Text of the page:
Reddit has taken a proactive step with regards user security, it seems, resetting 100,000 passwords amid news of leaks elsewhere.
The past few days has seen news of the 2012 LinkedIn security breach finally reveal the depths of the hack.
More than 160m accounts were hacked – the original, official claim was just 6.4m, before people selling the data finally revealed all – with a huge amount of ‘change your password, peeps’ emails and articles flying around the web.
That has spooked plenty of people. Incidentally, if you are concerned that your account may have been compromised, pop your email address in here and you’ll find out real quick.
It’s not just users spooked, but companies, too.
In the last fortnight, Reddit has reset 110,000 passwords, “with more to come as we continue to verify and validate that no one except for you is using your account”, the company said.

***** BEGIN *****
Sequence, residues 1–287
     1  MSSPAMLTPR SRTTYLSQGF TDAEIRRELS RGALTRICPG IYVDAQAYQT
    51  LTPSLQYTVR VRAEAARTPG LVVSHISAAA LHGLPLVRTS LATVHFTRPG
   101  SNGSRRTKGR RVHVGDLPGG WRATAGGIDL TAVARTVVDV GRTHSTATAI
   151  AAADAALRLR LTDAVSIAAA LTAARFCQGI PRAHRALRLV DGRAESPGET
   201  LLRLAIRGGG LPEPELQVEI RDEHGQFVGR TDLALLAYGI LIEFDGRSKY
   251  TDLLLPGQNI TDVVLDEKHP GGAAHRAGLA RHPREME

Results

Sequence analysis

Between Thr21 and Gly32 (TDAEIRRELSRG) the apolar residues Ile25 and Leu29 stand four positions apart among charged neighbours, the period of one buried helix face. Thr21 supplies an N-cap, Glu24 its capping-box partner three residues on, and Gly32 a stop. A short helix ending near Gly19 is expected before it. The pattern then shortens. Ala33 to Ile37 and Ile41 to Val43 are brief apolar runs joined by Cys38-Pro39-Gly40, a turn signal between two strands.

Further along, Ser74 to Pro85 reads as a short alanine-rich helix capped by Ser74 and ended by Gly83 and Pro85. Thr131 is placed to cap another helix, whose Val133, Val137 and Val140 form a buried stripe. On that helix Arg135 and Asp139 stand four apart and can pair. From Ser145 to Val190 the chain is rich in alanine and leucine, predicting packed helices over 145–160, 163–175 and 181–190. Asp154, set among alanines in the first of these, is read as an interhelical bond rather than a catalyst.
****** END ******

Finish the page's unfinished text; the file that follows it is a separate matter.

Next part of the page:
Those affected have been contacted, with Reddit listing out ways to ensure your password is more secure.
Choose a strong and unique password, and only use it for Reddit. Set and verify an email address and check your activity page. Pretty simple
Reddit also points out throwaway accounts that have no notable history, acting as mere placeholders. “They’ve never posted. They’ve never voted,” reads the statement, noting how primed they are for malicious attacks.
“Shortly, we’re going to start issuing password resets to these accounts and, if we don’t get a reaction in about a month, we’re going to disable them. Please keep an eye out!”
Oh, and in the LinkedIn hack, these were the 10 most common passwords:
- 123456 (753,305 instances among the breach)
- Linkedin (172,523)
- Password (144,458)
- 123456789 (94,314)
- 12345678 (63,769)
- 111111 (57,210)
- 1234567 (49,652)
- Sunshine (39,118)
- Qwerty (37,538)
- 654321 (33,854)